But remember that the Republicans are desperate to convince independent voters that Obama is "just another politician" whose values flow from the latest poll instead of his own commitment to principle. Don't help them. If you do you will be wrong, and you will also help the Republicans fulfill their unthinkable fantasy of a third Bush term.
In 2004, the goal of this narrative was to convince swing voters that Kerry had no core values -- that his positions and commitments were blown by the winds of public opinion just as he was blown right and left in the notorious campaign ad of Kerry wind-surfing.
Not long after the 2004 election, I was in a New Jersey taxicab. The driver was a typical male New Jersey cabbie. "So what do you think of Corzine?" I asked. "Oh, Corzine, tough guy. Like him," he replied about the then-Senator.
"What do you think of Bush?" I asked. "Like him too. Tough guy. Stands up for what he believes," came the answer.
"What about Kerry?" I asked. "Kerry? Can't stand him. Flip-flopper."
People want leaders who are firmly committed to their values. The key thing that affected the New Jersey cabbie's view wasn't the positions or views of the candidates. It was whether they stood up for what they believed. There are many independent voters just like him.
I believe that John Kerry has very clear values, but he left himself open to be defined to swing voters as if he didn't.
Barack Obama is firmly committed to progressive values that contrast sharply with the values implicit in necon foreign policy and dog-eat-dog, survival-of-the-fittest Bush-McCain economic policies.
Obama is much less likely than Kerry was to allow himself to be characterized as a flip-flopper without core values, because his entire campaign is rooted in the discussion of values. It has drawn very sharp distinctions with Republicans on the critical symbolic questions of Iraq, the economy and health care. But that won't keep Republicans from doing everything they can to try to make Obama look like he is a "typical politician" without a moral core the same way they did with Kerry.
Last week's near-frenzy in the media over Obama's alleged "move to the center" on Iraq had no substance whatsoever. It was fed, virtually entirely, by the Republican National Committee and the McCain campaign that simply asserted that his statements on Iraq represented a "change " from earlier positions. That narrative was picked up and parroted by various media pundits as if it were true.
Unfortunately, some Progressives fell prey to the media wave and actually gave credence to this non-story, when the fact is that Obama has consistently supported ending the war in Iraq and withdrawing all combat troops within 16 months, at a pace that is responsive to the situation on the ground.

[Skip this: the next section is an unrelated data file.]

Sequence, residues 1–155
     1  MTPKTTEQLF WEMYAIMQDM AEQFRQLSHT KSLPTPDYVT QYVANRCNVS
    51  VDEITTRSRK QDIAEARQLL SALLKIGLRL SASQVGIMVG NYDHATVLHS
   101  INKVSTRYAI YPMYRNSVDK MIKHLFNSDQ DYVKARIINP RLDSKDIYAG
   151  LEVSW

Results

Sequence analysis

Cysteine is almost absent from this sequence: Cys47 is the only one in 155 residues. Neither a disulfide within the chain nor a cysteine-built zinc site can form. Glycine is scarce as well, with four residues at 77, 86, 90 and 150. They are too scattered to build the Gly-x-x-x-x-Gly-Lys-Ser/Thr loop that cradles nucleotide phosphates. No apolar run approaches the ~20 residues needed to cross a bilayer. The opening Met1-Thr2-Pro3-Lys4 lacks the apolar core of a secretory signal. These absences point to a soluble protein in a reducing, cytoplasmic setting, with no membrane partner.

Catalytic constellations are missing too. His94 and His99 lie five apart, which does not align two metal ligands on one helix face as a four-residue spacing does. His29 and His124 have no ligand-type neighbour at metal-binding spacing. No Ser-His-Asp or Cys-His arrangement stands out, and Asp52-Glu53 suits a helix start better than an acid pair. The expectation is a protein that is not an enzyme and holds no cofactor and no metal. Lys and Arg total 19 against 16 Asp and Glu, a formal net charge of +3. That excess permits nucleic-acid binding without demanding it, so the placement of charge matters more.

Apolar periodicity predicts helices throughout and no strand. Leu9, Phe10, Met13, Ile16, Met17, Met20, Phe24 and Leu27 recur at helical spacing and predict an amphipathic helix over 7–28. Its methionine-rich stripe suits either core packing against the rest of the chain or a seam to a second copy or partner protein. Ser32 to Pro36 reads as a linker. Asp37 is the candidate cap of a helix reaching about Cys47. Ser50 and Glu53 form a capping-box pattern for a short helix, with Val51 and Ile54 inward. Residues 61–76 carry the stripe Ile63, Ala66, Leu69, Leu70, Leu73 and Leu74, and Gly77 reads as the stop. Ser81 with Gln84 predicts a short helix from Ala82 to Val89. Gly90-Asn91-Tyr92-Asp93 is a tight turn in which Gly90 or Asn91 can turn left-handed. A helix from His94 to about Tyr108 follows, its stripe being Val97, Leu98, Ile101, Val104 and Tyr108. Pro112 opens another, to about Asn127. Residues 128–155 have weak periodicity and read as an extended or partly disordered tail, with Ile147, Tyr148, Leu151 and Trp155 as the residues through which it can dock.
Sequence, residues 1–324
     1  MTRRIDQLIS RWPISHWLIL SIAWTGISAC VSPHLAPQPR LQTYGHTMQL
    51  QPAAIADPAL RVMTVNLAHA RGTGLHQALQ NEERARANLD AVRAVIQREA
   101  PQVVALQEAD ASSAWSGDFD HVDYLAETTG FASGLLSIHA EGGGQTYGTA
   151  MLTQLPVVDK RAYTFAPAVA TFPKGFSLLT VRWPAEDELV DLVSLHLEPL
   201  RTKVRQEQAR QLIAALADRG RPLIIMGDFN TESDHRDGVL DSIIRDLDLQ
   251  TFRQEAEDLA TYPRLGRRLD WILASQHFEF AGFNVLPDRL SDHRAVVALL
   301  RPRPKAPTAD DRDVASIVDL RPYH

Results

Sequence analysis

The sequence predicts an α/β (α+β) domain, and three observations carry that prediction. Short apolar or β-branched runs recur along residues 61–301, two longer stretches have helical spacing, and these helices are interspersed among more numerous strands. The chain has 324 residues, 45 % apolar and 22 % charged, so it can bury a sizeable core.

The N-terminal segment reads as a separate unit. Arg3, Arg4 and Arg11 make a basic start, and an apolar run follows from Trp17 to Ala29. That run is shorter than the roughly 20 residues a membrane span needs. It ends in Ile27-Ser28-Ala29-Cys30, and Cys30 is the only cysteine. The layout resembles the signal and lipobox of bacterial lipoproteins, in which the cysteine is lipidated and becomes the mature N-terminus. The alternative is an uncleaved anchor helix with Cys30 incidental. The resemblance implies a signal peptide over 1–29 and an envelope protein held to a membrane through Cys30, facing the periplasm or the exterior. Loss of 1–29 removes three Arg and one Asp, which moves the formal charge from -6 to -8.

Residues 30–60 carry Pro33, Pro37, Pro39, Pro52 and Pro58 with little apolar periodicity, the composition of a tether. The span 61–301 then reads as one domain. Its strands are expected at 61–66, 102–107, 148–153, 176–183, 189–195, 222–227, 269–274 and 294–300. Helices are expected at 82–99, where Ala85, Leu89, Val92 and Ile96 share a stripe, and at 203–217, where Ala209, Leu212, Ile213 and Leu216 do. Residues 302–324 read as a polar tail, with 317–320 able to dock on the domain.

Progressives have to remember that the Republicans don't care about the nuances of these issues. Their goal is simple: make Obama look like he is changing his position.
All Progressives don't agree with every position Barack Obama has taken, but the fact is that very few of his positions have changed since the campaign began.
Progressives who disagree with Barack Obama but at the same time don't want to help Republicans usher in a third Bush term need to remember three things:
1). Go right ahead and disagree with an Obama position or statement -- but disagree on the substance. Don't impute some venal motive. Remember that even when you disagree with him on an issue or policy, Obama shares our progressive values.
2). Don't reinforce the Republican narrative that Obama is a "flip flopper." Disagreeing with an Obama position is very different from arguing that he agreed with you once, but now has changed positions just to win favor with the voters. First, that is generally wrong. Second, if Obama emphasizes one aspect of a position instead of another in order to attract a particular group of voters, that does not mean he "changed" his position. Third, remember that the Republicans are desperate to get Progressives to confirm their narrative and convince guys like my New Jersey taxi driver to elect John McCain.
3). Remember that there is a huge gulf between the values of Obama and McCain. Obama stands clearly in the progressive tradition of giving every human being equal opportunity to fulfill their potential. McCain stands squarely on the side of ultra-conservative values that protect the power and prerogatives of the wealthiest among us.
Obama stands firmly against the neocon foreign policies of preemptive war and unilateral action that lay at the root of the worst American foreign policy disaster in a generation. McCain stands just as firmly for the neocon vision and the Bush approach to the rest of the world.
Obama believes that economic growth happens from the bottom up and doesn't trickle down on the rest of us. He supports the rights of workers to organize to defend their standard of living, and a world where we're all in this together, not all in this alone. McCain intends to continue Bush's economic policies that have assured that all of the economic growth in the last seven years has gone to the wealthiest 1% of Americans.
Obama understands that our world faces the greatest environmental crisis in history as we seek to prevent human beings from altering our climate. First and foremost, John McCain's loyalties lie with the oil industry.
We need to remember that John McCain's campaign is managed by lobbyists from the biggest special interests in America, while Barack Obama understands the need to mobilize tens of millions of Americans to change Washington from the ground up.
Progressives should go right ahead and question Obama's positions on issues -- and they should continue to hold him accountable when he is elected president.